Fig. 11 is a detail elevation of the limiting member shown in Fig. 10;
Fig. 12 is a fragmentary view showing parts illustrated in Fig. 3, the controlling lever being in another position;
Fig. 13 is an electrical diagram;
Fig. 14 is a broken elevation partly in vertical section, showing a modified form of cooking apparatus; and
Fig. 15 is a section on line l5i5 of Fig. 14.
The apparatus shown in Figs. 1 to 13, inclusive, is a suitable one for the practice of the method which is one part of my invention, and for convenience a description of the apparatus employed will be taken up at this point.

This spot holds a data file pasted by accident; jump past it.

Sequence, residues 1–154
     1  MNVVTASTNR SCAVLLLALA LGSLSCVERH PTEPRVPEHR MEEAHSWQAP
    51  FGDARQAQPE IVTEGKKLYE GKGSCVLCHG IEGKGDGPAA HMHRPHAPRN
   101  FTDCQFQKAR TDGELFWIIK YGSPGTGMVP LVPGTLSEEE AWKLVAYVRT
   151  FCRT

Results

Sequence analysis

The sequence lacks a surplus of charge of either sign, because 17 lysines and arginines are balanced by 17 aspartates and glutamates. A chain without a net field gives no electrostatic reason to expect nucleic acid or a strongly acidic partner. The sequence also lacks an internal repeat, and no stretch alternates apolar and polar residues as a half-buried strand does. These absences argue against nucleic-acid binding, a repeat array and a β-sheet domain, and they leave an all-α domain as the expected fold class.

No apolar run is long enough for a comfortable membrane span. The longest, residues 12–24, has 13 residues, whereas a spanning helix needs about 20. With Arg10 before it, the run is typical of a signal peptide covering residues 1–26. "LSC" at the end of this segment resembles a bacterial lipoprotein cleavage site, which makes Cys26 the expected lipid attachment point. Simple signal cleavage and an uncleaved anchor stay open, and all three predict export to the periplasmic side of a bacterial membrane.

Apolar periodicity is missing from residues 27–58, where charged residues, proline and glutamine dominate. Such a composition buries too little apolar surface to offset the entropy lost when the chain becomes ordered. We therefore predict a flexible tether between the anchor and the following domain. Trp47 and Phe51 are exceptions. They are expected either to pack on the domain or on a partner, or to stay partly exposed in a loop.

In its general character the appliance of Figs. 1 to 13, inclusive, is a portable cooker adapted to be used on a table and adapted for the employment of the house current, for which purpose it can be plugged in to a convenient outlet so that the electric current can produce the heating effect and can actuate a motor rotating 9. spit upon which is placed the article to be cooked, for example, a chicken. The casing of the appliance is constructed in two parts, one of which is a base resting on the table, and the other of which is a casing portion hinged to one side of the base. The base carries the spit and the spitrotating motor, and certain other parts, as hereinaiter described. The upper or movable casing portion is in the form of a seamless bell embodying a glass wall of a structure hereinafter described, providing the cooking chamber and equipped at the upper part with a heating unit so arranged that the heat rays radiating from the unit converge toward the spit axis. The upper part of the glass bell is also equipped adjacent the heating unit with a thermostat so constructed and arranged as to cut oil the current when a certain heat is attained, as hereinafter described. The thermostat acts upon a suitable control member, illustrated here as a controlling lever, which is operable to cut off the current and to restore the circuit so as to maintain a constant temperature in the cooking chamber, and this controlling lever may also be subject to the action of a time clock, as hereinafter described.